The long battle over the red light camera program in Houston, Texas ended Wednesday. The city council voted 14-1 to repeal the ordinance that granted American Traffic Solutions (ATS) the right to issue automated tickets at fifty intersections throughout the country’s fourth largest city.
“This is a total victory for the voters of Houston,” Citizens Against Red Light Cameras spokesman Philip Owens told TheNewspaper. “The only shame is it took too long to get where we are. Today was more of an exercise in political theater but a win is a win.”
The anti-camera group successfully brought a charter amendment on the red light camera issue before voters in November, and a solid majority rejected photo ticketing. ATS refused to accept the public’s verdict, which meant the loss of $3 million a year in revenue. The company found a federal judge willing to overturn the ballot choice (view ruling), giving Mayor Annise D. Parker an excuse to turn the cameras back on. Feeling heat from the public, Parker backed off and decided it would be best to buy their way out of the contract with ATS, which does not expire until 2014. ATS has claimed the city will owe $25 million if the cameras are shut off.
“We are prepared to pay a reasonable settlement, but what that settlement is is undetermined,” Parker said. “We think they’re on the lower end. ATS — their number keeps growing… If we are in fact told by a judge to pay it, we will figure a way to pay it.”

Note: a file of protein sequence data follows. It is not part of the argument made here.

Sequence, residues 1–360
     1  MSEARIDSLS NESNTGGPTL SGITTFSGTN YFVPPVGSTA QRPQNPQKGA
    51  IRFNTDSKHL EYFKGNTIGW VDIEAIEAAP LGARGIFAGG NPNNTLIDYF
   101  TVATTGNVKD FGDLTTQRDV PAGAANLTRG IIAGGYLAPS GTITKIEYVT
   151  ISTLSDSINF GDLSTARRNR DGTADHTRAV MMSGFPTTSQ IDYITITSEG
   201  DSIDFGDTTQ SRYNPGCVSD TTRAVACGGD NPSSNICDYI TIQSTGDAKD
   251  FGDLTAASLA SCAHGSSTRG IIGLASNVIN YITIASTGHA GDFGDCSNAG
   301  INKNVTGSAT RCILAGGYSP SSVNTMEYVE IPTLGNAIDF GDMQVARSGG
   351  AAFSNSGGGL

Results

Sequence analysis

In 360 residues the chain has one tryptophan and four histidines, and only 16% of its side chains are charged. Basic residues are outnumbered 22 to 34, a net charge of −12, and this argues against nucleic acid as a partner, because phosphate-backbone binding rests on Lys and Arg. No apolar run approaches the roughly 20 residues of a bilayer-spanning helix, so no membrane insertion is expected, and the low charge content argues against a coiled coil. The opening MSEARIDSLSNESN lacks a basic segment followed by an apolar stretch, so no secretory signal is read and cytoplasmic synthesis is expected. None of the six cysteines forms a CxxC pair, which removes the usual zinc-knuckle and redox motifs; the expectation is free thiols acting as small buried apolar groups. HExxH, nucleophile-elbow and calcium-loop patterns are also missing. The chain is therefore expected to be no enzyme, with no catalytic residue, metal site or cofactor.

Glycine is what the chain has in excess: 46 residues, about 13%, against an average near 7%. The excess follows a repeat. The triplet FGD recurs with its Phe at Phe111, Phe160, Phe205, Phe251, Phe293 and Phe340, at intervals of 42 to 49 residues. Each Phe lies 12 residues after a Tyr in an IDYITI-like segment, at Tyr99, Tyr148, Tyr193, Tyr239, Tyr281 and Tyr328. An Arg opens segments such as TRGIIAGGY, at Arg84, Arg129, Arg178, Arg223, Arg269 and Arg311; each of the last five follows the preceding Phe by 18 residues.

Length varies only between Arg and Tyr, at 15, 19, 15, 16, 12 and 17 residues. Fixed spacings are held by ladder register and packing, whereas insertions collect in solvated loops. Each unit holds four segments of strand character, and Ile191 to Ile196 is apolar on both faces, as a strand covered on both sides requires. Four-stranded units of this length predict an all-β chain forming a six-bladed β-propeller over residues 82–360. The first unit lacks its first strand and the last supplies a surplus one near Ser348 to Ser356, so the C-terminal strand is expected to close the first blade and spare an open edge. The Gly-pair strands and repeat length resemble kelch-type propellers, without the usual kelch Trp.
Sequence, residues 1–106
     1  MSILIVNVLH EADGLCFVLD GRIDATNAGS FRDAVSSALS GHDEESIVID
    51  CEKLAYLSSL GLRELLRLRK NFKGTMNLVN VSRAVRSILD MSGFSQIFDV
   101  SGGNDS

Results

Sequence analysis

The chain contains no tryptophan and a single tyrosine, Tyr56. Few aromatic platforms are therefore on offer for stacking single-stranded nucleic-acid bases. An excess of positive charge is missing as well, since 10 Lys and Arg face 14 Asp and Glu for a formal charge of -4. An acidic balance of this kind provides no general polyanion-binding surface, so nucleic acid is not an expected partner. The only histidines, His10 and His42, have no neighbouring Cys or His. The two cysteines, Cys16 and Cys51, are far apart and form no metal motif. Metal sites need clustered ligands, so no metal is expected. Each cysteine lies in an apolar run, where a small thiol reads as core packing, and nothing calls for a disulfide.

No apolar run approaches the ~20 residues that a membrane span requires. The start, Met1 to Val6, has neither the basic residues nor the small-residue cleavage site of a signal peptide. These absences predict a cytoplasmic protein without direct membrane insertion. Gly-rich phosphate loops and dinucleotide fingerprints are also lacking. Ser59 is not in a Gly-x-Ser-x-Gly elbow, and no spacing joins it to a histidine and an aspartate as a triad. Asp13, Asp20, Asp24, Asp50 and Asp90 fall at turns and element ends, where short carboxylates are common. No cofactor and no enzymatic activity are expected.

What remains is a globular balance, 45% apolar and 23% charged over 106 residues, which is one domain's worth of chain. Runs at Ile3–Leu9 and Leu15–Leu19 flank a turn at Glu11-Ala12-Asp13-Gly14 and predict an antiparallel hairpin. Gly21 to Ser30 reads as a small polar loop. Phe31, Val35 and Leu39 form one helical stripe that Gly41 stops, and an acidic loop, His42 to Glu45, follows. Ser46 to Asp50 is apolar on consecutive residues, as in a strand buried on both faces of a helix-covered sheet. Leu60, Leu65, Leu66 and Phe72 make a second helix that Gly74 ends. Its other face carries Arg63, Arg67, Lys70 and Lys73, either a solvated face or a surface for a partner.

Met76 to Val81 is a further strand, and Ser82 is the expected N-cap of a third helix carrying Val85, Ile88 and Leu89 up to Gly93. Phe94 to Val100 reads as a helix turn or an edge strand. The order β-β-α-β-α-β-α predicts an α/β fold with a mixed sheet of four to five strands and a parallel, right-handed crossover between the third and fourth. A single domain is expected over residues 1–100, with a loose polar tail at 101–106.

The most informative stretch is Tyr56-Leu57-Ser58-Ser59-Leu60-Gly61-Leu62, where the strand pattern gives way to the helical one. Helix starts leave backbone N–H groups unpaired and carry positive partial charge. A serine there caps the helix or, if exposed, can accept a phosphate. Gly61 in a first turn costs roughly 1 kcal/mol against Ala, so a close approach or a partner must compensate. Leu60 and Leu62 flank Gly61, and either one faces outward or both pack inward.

The council adopted a measure insisting the cameras not only be shut off, but permanently removed as soon as possible in accordance with the law. Judge Lynn N. Hughes issued a management order last year at the request of ATS forcing the cameras to remain up until the case is finally resolved. Houston had agreed to the ATS request.
“I’m going to go back into federal court and ask the judge to rescind his management order so that the cameras can come down in accordance with the contract,” City Attorney David Feldman said. “I have no reason to believe the judge would refuse my request to rescind the order.”
Under the contract, ATS would be required to take down the cameras within 45 days at their expense if Judge Hughes lifts his order.
“There’s ample precedent for cities taking down the cameras,” Feldman said. “For every contract ATS seems to enter into — just following it on the Net — there’s a city taking the cameras down and getting out of the contract.”